Dance with Me . . .

5100025281_c125e2c49e_zI think that most of you know that, very soon, I am heading out to Boston to have brain surgery to attempt to remedy my epilepsy. I am very fortunate to have a talented and loving community of teachers to teach and substitute while I’m away, although classes will be more limited, so please be sure and check the schedule every week. I feel incredibly graced to have such a wonderful group of friends/teachers who have agreed to teach while I’m away, and also to have a loving community of students who have been understanding and supportive. I’m convinced that it takes a village to face up to brain surgery . . . Thanks for being my village.
I’m going to write a separate post about this, but one of the things I find myself wanting to do, as I face this surgery, is dance, and dance, and dance. I have loved having the opportunity to do Nia with many of you, and the joy and the freedom of dancing together seems to be keeping me in just the right, hope-filled space, living in the moment of now, that I need to be in to deal with what is coming up. So keep dancing with me while I’m away and send me your good energy!
Another thing I’ve learned a lot about is the incredible power of the stillness that yoga and meditation/prayer have taught me. About a month ago, I had an extensive series of brain scans at the Martinos Center, a research center of the Mass. General Hospital. Turns out I have a strong ability to make my body and mind very still for long periods of time, which makes for great brain scans. It has been interesting to “see” the images of my own meditating mind, and to discuss with researchers and doctors the power of learning stillness and how it does create a different looking brain.
So dance with me, or be still with me, in the weeks ahead. If you want to follow the details of what’s going on, I have another blog, epileptica.com, that is specifically about the surgery. My husband Jonathan as well as myself will be posting about my journey. In the meantime, I am grateful for the presence of all of you in my life, and it is an honor to teach you . . . One that I don’t take for granted.

The “Red” Layer

Friend and yoga student Stephanie Crabtree who is a PhD candidate in Anthropology at WSU, read my post on the naming of KivaSpace, and added the following:  “After reading your description of kivas on your webpage I would like to add that they are not just ceremonial, but functioned as multi-use spaces for not only important religious rituals, but also offered places to get out of the hot sun or the cold winter, to dance (thus many of them have footdrums, like at Aztec) and to reconnect with the ancestors. :)”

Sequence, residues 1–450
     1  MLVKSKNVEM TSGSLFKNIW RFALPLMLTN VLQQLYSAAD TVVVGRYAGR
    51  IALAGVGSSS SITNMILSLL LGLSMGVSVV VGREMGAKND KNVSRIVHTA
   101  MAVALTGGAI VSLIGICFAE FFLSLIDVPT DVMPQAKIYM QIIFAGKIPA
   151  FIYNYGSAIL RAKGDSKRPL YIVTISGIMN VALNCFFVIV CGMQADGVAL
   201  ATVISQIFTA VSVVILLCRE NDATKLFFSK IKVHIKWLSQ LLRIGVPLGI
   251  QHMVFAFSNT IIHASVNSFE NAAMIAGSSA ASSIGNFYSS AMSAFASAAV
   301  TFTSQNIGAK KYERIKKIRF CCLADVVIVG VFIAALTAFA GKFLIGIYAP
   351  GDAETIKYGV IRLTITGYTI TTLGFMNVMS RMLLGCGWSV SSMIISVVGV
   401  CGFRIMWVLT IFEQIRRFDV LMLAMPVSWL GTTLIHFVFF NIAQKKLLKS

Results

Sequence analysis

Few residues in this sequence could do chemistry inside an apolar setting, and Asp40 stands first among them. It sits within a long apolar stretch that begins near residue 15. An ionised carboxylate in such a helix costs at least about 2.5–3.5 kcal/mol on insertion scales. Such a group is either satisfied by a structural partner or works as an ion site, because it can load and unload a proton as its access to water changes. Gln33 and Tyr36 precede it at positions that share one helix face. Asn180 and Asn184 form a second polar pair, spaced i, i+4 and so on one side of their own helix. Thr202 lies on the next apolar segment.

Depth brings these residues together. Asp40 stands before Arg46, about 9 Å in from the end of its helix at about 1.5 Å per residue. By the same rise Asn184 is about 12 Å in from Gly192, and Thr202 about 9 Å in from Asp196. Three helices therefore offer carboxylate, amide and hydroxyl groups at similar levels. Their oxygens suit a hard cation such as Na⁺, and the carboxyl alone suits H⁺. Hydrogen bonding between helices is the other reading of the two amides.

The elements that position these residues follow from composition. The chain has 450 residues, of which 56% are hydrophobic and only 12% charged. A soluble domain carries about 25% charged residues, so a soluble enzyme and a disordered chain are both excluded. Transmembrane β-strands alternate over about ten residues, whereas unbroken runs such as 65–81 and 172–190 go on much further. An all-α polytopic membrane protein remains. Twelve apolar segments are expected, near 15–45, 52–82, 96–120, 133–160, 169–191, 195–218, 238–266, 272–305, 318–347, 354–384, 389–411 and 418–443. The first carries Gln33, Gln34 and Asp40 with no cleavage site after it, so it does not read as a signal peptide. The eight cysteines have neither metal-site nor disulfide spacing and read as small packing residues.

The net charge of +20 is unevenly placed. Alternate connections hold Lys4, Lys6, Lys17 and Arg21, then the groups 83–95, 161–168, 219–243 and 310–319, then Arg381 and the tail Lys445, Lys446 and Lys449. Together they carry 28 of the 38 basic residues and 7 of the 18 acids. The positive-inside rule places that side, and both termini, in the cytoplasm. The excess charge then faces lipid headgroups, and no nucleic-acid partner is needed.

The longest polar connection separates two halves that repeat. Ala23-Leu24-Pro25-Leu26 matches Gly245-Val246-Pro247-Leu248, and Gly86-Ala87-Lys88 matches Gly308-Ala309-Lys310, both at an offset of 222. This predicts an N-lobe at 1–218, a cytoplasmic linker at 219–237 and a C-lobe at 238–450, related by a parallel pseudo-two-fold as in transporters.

I love this.  My vision of the space includes the possibilities of a multi-use space, a space to create community, and (goes without saying), a space to dance!  And a bit ago, as I worked in the space, I had my own personal moment of “reconnecting with ancestors.”

Gladish Community Center used to be the high school in Pullman.  Both of my parents attended high school in this building — it’s where they met and began dating.  In fact, the building is named after the man who was Principal when they were students — Oscar Gladish.  Mr. Gladish loved my mother (she was very bright and very socially active).  He had concerns about my Dad (Also very bright, but only taking band, shop, and typing his Senior Year, and frequently found sneaking out of the band room window to go down and play pool at the City Club — Guess Gladish has always had good windows to climb in and out of!).  So Mr. Gladish would lecture my mother, urging caution about dating and getting serious about that “Zakarison boy.”

Advance forward about twenty some years.  Gladish was turned into one of 2 local middle schools, and it was the one I attended (I can still sing the “Fight Song” . . . just ask!).  The little corner where KivaSpace is now coming to life was the P.E. teacher’s office and girl’s locker room.  As I was working on the space recently, scraping off layers of paint, I hit the “red layer” that you see in the picture.  Bam! I was transported to a memory I must haved buried a looong time ago.  For those of you that don’t know, I have epilepsy, and it turns out I had my very first grand mal seizure in this very same space, then the P.E. teacher’s office.  I had forgotten all about this until I hit the red layer of paint, which figures prominently in my memory as I hit that same paint while hitting the floor during the seizure.

I now have sympathy for that teacher.  Imagine an adolescent girl, walking into your office, telling you that she feels “really weird.”  The teacher suggested that maybe I was about to begin menstruating or having some sort of “personal/emotional issue.”  I then dropped onto her floor and had a seizure.  I remember coming back around, with her demanding that I quit “acting out for attention” and get back into the gym.  I remember being really scared because I felt really strange and I didn’t know what had happened.  And then I tried to walk out of her door, fell over, and got sick on her floor (Yes, the red one!).  She wasn’t pleased, I felt like a freak, and my epilepsy went undiagnosed for five more years.

So now that same space becomes a place for healing.  How’s that for calling up the ancestors and creating a space for loving forgiveness?  Here’s to all your healing journeys.  I hope that KivaSpace will be a part of them.